Hillary Clinton has certainly been newsworthy recently. Stretching from the late 1990s and all the way through her stints as U.S. Senator and Secretary of State, ending in 2013, Clinton shunned government-run email services in favor of a system running in the home she shared with former president Bill Clinton. Critics argue this practice violated government policies, not to mention allowing her (and Bill) to avoid public disclosure of her service-related communications.
The official policy that ties federal officials to government-run email systems wasn't the law of the land until 2014, nearly two years after Clinton stepped out of the political life again. Nevertheless, she's still in the national spotlight over this old-yet-fresh scandal.
But there's also a big upside to Clinton's home-brew email solution getting national attention. Hillary Clinton has quickly become the public face of so-called "shadow IT" practices, which already affects almost every organization -- from small and medium businesses to enterprise-class giants, and onward to the government behemoth. It's high time investors and business managers take a closer look at this trend, so let's thank her for opening the debate.
I already have some personal experience with shadow information-technology practices from my former life as a systems administrator, but those skills are getting rusty after nearly a decade as a full-time business analyst and writer. To get a better feel for modern shadow IT issues, I called an expert in the field.
As head of software-as-a-service cloud computing and client software at IT consulting firm Softchoice, Shervin Chua knows a thing or two about shadow IT. He is responsible both for the traditional kind of IT solutions that shadow IT users are trying to work around, and for the cloud-based alternatives they often use instead. Softchoice often runs large security and policy audits for its clients, giving Chua even more data to shape his insights.
"I think we're at a point in time where companies can no longer ignore shadow IT," Chua said. "They need to put official policies in place, start talking to employees about what they need, make sure that these needs are aligned with the business.
"If they don't, then people can start creating their own solutions and create this whole shadow IT problem."
In other words, shadow IT is the unapproved, unmanaged solution that frustrated employees (and government officials) turn to when official systems don't meet their needs. In Chua's view, it's simply a good idea to take this bull by the horns, identify the pain points people are trying to avoid, and meet those needs through official channels instead.
"This is definitely an opportunity to sit up and take action," Chua explained. "The IT industry is moving away from cookie-cutter solutions with help desk tickets and red tape around everything. This debate gives IT departments a chance to say, 'Hey, different business units have different needs. I'm going to create a baseline framework, but I'll be agile and respond to the various needs of different units.'"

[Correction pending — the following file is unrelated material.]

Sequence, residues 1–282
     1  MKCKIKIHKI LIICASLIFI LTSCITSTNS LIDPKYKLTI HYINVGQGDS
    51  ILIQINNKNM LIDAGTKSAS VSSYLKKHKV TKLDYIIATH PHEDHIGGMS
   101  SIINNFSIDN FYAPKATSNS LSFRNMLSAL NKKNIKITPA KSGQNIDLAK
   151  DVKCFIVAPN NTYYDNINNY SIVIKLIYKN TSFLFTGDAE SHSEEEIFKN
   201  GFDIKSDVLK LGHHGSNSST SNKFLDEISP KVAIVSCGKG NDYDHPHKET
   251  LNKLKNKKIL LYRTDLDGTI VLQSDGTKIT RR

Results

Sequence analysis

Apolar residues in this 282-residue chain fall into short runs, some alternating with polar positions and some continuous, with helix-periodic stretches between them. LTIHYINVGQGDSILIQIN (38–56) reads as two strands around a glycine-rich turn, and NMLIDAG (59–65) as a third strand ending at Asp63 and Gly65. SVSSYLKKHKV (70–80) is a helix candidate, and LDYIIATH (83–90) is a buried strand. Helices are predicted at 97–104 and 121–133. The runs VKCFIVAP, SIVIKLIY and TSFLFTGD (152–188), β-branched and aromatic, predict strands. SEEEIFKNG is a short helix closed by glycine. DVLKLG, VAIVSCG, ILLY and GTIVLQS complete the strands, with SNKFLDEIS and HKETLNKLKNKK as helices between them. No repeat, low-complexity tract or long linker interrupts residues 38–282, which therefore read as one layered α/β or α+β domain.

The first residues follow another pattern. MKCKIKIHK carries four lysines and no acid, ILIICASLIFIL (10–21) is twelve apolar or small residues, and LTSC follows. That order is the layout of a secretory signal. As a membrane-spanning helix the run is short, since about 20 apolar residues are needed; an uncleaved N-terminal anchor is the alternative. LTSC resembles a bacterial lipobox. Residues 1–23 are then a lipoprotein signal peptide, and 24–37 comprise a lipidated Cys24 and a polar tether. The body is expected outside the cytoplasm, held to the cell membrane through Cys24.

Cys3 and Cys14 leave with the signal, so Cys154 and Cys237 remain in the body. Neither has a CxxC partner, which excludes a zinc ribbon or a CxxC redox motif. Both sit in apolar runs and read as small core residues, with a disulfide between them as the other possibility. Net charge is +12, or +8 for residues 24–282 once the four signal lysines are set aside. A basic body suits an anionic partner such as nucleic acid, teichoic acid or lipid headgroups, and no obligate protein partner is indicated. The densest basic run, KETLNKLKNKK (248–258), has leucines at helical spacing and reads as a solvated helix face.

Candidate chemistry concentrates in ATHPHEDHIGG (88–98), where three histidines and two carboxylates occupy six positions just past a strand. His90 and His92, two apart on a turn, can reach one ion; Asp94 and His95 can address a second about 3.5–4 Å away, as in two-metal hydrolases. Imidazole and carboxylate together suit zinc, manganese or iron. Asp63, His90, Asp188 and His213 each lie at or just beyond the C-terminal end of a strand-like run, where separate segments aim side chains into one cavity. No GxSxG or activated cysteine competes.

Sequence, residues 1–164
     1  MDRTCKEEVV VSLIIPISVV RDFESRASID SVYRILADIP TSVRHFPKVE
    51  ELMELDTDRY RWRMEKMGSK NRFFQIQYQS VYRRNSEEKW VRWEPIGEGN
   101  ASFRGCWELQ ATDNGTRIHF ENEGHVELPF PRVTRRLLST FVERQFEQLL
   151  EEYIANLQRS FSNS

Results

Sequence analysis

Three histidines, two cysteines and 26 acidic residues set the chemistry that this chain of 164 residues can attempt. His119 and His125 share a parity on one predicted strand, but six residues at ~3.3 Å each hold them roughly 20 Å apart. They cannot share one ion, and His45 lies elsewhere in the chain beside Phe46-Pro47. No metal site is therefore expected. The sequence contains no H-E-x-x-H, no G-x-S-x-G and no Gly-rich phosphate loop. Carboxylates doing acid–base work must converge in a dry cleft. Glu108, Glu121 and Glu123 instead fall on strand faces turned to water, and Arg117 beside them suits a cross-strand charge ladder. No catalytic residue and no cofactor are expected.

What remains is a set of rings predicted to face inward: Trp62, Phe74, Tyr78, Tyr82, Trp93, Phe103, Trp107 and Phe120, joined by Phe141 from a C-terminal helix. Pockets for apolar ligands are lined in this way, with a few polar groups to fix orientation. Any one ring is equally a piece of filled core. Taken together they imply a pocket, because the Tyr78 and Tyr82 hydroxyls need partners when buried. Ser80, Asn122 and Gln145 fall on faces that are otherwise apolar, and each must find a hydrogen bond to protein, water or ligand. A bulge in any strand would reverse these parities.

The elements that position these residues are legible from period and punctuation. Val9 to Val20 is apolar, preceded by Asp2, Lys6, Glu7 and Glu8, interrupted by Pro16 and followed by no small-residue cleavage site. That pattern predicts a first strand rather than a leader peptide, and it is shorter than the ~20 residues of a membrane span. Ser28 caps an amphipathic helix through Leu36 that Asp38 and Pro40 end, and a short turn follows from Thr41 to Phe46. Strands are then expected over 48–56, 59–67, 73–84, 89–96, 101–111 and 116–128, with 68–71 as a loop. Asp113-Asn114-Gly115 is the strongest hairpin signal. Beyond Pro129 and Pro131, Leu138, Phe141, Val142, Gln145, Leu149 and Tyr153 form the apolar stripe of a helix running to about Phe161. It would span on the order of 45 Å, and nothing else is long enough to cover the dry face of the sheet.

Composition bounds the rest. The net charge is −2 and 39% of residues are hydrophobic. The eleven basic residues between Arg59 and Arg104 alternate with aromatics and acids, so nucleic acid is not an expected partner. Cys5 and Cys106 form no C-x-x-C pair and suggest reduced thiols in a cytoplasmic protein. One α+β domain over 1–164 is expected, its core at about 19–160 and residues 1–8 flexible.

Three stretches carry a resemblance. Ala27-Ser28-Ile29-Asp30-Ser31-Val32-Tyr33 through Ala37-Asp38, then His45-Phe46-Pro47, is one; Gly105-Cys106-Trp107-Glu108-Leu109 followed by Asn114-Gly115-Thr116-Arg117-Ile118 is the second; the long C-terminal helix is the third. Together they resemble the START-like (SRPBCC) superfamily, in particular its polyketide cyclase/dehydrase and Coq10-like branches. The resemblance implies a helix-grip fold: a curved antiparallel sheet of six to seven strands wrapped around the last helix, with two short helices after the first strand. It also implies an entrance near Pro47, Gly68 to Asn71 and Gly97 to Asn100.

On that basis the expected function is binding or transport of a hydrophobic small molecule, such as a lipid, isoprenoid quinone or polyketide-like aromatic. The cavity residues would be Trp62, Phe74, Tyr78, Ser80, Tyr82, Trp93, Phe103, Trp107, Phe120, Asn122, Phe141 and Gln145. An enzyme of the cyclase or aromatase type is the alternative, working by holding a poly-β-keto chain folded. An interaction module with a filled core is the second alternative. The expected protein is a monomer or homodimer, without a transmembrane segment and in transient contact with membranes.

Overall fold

Chua's comments underscore a growing sentiment among IT industry professionals. Talking to the CIO magazine this week, Deputy Chief Technology Officer Steve Riley of data networking specialist Riverbed Technology (UNKNOWN:RVBD.DL) expanded on the problem. "Heavy-handed approaches are not going to eliminate shadow IT, it'll just go farther underground," Riley said. "There's no positive outcome for being a disciplinarian about something like this. You might end up with services that are even more dangerous, where people now actively seek to circumvent policies."
How the solutions fit the problem
In other words, a light touch might do wonders to tame the shadow IT beast even where strict policy edicts fail. And this lesson needs to be absorbed by a very large audience.
According to Softchoice's data collection, over 80% of organizations -- businesses, corporations, churches, you name it -- already see some members stepping outside the formal IT structure to enjoy the convenience of cloud-based public services.
Google (NASDAQ:GOOG) (NASDAQ:GOOGL) is a popular provider with tools including Gmail, Google Docs, and Google Calendar. Microsoft (NASDAQ:MSFT) might lose some software license sales to other cloud providers, but its Windows Azure and SkyDrive services are also leaders in their own right.
Sure, some of these service choices already have the official support of the IT department. But one-third of all users in a large Softchoice audit program recently reported employing tools such as SkyDrive or Google Calendar at work -- without so much as notifying the IT department.
The shadow IT market seems to open up a very large business opportunity for software-as-a-service providers such as Google and Microsoft. Managing these tools in a properly approved and budgeted fashion will help in closing boatloads of security and transparency concerns. And that way, they could soak up the demand for unofficial email servers and unapproved data warehouses running in some random employee's garage, beyond the reach of corporate firewalls.
A flexible approach to systems management can help businesses and government agencies make the most of their resources. There will always be rogue systems and maverick users, but acknowledging this reality can help contain the problem -- and maybe turn it into a strength instead.
Sweeping shadow IT under the rug, on the other hand, only opens up the door to more security leaks and the next Clinton-style transparency scandal.